That said, it can be seen from the observations which the parties to the main proceedings have submitted to the Court that this case raises more generally the question of the right of a foreign national to be heard in the course of examination of his second application (which seeks subsidiary protection) when that application is made following rejection of an initial application (which sought refugee status) – as is the situation in the case before the referring court, in which the initial application was dealt with in a separate procedure during which the applicant was able properly to make known his views.
In order to provide the referring court with a useful answer, it is thus important to determine whether, in relation to a situation such as that in the main proceedings – a feature of which is that there are two separate procedures, one after the other, for examining asylum applications and subsidiary protection applications respectively – it is unlawful under EU law not to hold a further hearing of the applicant in the course of examination of the second application and prior to rejection of that application on the ground that, as both the High Court and Ireland have contended, he has already been heard during the procedure relating to his first application (for refugee status).
It should be noted at the outset that Directive 2005/85 establishes minimum standards for procedures for examining applications and sets out the rights of applicants for asylum.
In that regard, Directive 2005/85 provides, inter alia, that applications for asylum are to be neither rejected nor excluded from examination on the sole ground that they have not been made as soon as possible (Article 8(1)), that applications are examined and decisions are taken individually, objectively and impartially (Article 8(2)(a)), that, where an application is rejected, the reasons in fact and in law are stated in the decision (Article 9(2), first subparagraph) and that, before a decision is taken by the responsible authority, the applicant for asylum is to be given the opportunity of a personal interview on his application under conditions which allow him to present the grounds for the application in a comprehensive manner (Articles 12 and 13(3)).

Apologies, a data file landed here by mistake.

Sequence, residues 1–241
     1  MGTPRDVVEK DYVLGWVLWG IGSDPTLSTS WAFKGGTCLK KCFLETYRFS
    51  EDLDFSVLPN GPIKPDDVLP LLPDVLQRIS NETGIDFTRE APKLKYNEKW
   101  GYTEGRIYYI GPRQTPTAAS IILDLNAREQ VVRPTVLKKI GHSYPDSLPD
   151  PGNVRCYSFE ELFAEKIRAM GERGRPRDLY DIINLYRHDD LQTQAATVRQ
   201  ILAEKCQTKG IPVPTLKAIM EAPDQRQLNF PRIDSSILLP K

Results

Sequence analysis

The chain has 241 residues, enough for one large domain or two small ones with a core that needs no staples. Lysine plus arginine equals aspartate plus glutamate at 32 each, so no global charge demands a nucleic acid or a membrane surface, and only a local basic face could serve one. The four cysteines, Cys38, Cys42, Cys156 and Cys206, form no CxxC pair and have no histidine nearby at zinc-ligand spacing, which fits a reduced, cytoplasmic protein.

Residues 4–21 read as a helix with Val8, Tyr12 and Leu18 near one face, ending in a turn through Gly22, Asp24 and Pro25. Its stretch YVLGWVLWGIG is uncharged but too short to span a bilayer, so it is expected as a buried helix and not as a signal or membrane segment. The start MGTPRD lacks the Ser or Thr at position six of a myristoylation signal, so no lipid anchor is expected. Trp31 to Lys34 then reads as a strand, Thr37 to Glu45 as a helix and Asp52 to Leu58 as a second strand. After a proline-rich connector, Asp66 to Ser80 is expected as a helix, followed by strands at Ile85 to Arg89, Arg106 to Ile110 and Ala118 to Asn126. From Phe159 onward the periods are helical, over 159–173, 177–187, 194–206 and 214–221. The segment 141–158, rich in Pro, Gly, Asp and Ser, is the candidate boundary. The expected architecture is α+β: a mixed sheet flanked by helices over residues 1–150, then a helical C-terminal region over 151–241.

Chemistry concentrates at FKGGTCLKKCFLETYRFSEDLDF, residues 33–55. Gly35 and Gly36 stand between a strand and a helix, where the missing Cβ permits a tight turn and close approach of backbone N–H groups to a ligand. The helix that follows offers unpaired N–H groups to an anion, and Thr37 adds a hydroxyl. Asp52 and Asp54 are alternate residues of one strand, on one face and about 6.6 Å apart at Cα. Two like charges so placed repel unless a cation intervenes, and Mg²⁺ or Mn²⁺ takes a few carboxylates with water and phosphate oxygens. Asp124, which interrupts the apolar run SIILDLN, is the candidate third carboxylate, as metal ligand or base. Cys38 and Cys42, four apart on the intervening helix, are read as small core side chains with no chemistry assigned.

However, Directive 2005/85 does not apply to applications for subsidiary protection except where a Member State establishes a single procedure in which an application is examined in the light of both forms of international protection, namely asylum and subsidiary protection. In such a situation, the rules set out in that directive must be applied throughout the procedure, thus also when the competent national authority examines an application for subsidiary protection.
That is not, however, the situation in Ireland, which has chosen to establish two separate procedures for examining asylum applications and subsidiary protection applications respectively, it being possible to make the second application only after the first has been rejected. In those circumstances, Irish law requires observance of the safeguards and rules set out in Directive 2005/85 solely in relation to the examination of applications for refugee status. With regard more particularly to the right of the applicant to be heard before a decision is adopted, the High Court has stated in its order for reference that, according to national case‑law, it is not necessary to observe that procedural requirement when dealing with an application for subsidiary protection made following rejection of an asylum application, given that the applicant will already have been heard in the examination of his asylum application and given that the two procedures are closely linked.
In that regard, it must be recalled that observance of the rights of the defence is a fundamental principle of EU law (see, inter alia, Case C‑7/98 Krombach  ECR I‑1935, paragraph 42, and Case C‑349/07 Sopropé  ECR I‑10369, paragraph 36).
In the present case, with regard more particularly to the right to be heard in all proceedings, which is inherent in that fundamental principle (see, to that effect, inter alia, Case 322/81 Nederlandsche Banden-Industrie-Michelin v Commission  ECR 3461, paragraph 7, and Case 374/87 Orkem v Commission  ECR 3283, paragraph 32), that right is now affirmed not only in Articles 47 and 48 of the Charter, which ensure respect of both the rights of the defence and the right to fair legal process in all judicial proceedings, but also in Article 41 thereof, which guarantees the right to good administration.